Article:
Investigating the events of the last days can be an exercise in bewilderment. The diversity of views on the subject is staggering, ranging from the vaguest of fluffy generalisations right through to borderline-crazy conspiracy theories.
This post is the first in a new series that aims to distil the end times into short, bite-size chunks which can easily be understood by the Bible reader. I plan to develop the series in three main stages:
Review "last days" passages, confirming the latter-day application of the passage and commenting on the text itself (mostly translation points)
Collate the events described by identifying repeated words, phrases, and ideas.
Discuss the potential order of events (and any implicit assumptions)
I've anecdotally observed that a lot of Bible prophecy exposition relies on somewhat abstract symbology. Whilst the Bible clearly delivers prophetic edict in the language of symbol, it does not do so exclusively. It is perfectly possible to build a decent view of the "latter days" without getting bogged down in symbology.
Using plain-language prophecy first allows major themes to emerge as a foundation for later analysis. Symbols can then be reviewed in light of already established facts.
My personal interest in prophecy started young, as my Dad worked hard to understand what might lie between the present day and the final realisation of God's plan. I owe much of my interest in the subject to his infectious enthusiasm.
As I grew older I came into contact with more and more diverse views on the last days. Some interpretations seemed outlandish, others overly simplistic, and a great many seemed to be perfectly plausible variations on a common theme.
Several years ago I found myself reading a passage in Corinthians, and I initially read it as an insight into the nature of prophecy:
"For now we see through a glass, darkly; but then face to face..." - 1 Cor 13v12
After investigating the context of this passage I concluded that it's actually describing the knowledge of God that would come after the Holy Spirit Gifts ceased, rather than prophecy; but it set me thinking about what we do know, or rather, what we can know about future events described in the Bible.
Which brings us to an intriguing paradox that will inevitably define and govern all our considerations on the subject.
The Last Days Paradox
Scripture is clear that knowledge of certain last days events is, to some extent, limited. For example, no man knows when Christ will return, for it will be as a thief in the night. Yet even here, the very next verse of Thessalonians makes it clear that believers should be sufficiently enlightened to be unsurprised when events of this period actually unfold.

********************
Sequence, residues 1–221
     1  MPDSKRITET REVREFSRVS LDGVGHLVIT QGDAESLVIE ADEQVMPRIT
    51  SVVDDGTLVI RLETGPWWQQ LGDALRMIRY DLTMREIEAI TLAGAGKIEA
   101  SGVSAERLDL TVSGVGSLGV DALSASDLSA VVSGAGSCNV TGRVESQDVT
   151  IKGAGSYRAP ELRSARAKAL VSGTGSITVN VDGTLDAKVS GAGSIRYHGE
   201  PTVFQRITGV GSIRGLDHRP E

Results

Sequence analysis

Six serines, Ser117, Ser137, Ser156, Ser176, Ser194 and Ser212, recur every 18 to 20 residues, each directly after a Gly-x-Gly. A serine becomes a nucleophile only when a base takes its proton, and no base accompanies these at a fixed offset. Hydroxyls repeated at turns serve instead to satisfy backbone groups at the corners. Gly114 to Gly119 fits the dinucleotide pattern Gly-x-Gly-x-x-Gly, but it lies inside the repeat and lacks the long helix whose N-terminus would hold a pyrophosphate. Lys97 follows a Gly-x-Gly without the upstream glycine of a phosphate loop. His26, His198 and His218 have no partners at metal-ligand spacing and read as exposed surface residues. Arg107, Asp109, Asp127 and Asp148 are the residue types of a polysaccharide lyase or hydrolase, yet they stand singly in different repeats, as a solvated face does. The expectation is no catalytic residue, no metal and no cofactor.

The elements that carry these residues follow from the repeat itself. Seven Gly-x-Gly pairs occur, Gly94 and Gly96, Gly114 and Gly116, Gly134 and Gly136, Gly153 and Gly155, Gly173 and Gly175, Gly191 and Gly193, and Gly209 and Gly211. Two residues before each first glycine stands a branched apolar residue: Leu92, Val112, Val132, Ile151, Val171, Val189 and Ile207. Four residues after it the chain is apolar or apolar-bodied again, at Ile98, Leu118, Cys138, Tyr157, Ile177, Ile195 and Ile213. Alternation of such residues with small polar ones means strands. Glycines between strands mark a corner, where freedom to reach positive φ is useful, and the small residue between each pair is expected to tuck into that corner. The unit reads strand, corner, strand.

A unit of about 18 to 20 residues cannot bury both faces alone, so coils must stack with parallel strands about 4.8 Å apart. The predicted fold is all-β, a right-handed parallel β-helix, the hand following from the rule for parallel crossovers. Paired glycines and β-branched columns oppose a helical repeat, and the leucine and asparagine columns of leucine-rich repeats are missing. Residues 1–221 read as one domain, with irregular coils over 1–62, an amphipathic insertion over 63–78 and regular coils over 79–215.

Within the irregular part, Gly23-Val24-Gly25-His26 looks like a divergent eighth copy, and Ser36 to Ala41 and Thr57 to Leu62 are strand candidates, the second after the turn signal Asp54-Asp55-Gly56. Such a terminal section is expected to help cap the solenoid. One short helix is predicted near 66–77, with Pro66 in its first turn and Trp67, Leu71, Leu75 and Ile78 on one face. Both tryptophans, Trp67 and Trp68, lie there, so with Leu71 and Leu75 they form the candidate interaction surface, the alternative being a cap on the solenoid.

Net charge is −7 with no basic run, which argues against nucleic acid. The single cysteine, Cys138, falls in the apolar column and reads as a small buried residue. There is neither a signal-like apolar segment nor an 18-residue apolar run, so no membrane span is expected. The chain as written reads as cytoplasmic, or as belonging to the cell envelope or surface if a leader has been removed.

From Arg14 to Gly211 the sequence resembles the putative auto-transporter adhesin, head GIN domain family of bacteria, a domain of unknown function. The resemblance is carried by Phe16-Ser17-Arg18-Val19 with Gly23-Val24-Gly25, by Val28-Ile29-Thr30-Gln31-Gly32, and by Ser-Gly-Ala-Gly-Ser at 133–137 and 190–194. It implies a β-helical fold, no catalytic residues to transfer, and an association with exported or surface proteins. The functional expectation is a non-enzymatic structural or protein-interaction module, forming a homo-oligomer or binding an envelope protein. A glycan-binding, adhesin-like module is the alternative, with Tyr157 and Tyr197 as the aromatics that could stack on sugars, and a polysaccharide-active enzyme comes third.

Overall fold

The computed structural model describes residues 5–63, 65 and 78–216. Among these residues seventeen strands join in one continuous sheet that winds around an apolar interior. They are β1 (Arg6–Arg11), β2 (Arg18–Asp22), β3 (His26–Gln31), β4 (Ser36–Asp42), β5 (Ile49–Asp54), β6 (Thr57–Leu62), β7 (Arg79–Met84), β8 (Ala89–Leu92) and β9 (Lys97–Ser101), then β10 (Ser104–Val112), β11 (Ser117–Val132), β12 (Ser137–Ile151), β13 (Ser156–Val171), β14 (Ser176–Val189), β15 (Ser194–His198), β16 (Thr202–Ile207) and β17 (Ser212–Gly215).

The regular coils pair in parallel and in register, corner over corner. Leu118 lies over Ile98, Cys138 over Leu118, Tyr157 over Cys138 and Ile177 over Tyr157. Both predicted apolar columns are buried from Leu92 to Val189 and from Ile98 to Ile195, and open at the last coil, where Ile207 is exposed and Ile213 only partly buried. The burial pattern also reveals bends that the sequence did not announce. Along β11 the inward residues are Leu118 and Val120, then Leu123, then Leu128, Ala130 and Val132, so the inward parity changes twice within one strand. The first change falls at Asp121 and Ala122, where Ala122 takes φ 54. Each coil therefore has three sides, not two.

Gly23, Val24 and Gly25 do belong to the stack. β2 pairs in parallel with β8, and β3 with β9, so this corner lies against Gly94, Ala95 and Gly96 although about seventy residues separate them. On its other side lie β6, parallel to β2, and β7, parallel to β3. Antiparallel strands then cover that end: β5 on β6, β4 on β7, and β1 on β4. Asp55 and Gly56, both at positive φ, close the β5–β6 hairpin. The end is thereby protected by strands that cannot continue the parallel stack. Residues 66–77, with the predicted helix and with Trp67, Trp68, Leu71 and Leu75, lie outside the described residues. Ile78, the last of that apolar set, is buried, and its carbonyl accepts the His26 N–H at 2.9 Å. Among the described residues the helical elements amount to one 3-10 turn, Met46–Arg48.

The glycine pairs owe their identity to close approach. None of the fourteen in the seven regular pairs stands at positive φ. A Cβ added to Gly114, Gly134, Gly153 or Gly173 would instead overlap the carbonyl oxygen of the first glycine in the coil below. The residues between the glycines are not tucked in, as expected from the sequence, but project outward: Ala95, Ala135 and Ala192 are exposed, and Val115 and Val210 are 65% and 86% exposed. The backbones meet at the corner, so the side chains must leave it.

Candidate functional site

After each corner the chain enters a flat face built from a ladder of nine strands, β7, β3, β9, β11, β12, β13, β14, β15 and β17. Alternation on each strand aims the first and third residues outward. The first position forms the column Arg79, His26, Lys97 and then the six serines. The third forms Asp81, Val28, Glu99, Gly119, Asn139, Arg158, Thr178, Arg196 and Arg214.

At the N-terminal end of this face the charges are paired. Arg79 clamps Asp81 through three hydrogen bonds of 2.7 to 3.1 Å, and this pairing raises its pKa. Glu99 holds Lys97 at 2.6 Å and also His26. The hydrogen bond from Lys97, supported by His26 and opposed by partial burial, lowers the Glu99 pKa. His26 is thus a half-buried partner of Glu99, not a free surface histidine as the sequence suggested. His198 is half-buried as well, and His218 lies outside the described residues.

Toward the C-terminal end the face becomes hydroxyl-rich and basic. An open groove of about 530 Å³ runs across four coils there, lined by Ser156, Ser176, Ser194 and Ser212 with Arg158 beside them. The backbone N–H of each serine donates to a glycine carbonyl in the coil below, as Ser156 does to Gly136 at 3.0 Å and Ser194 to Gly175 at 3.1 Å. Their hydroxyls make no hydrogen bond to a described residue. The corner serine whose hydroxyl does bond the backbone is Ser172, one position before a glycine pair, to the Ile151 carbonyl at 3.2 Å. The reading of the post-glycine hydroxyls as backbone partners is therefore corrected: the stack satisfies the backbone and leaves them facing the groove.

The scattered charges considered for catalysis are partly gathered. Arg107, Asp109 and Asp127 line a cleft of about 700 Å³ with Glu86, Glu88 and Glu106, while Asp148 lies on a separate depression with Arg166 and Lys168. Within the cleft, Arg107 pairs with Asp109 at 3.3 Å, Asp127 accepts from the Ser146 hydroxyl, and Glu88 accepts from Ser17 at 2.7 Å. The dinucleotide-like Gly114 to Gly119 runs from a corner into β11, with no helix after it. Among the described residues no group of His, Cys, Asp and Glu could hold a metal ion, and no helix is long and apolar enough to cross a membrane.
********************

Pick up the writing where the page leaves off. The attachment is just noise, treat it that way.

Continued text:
On a more philosophical level, it seems somewhat disingenuous to acknowledge that God spent a great deal of paper-space telling us about the latter days, only to then suggest that "we can't know what's going to happen".
Why? Are we not reading carefully enough? Or perhaps these prophecies are not actually trying to tell us about the events of the last days? Is there an entirely different lesson in these passages to which we've hitherto been ignorant?
Only a careful analysis of what the Bible really tells us can answer these questions.
Returning to the Corinthians passage that initially piqued my interest, the issue now furrowing my brow was "exactly how 'dark' is the glass of last days prophecy?"
Perhaps it is the case that peering through Scripture we can only vaguely perceive the outline of major events in the end times. Or maybe the glass is actually clearer than we realise, and it is really only finer details that cannot be distinguished from the gloom on this side of the prophetic glass.
To solve the puzzle and balance the paradox we must come to an understanding of what the Bible does, and more importantly doesn't, say about the last days. This series aims to provide the material, analysis and conclusions I reached while answering these questions.
Next: Zechariah 14
Aside: "a glass darkly" is an interesting phrase describing the viewing of one's reflection in a burnished metal mirror, rather than what we might think of now with our modern concept of glass.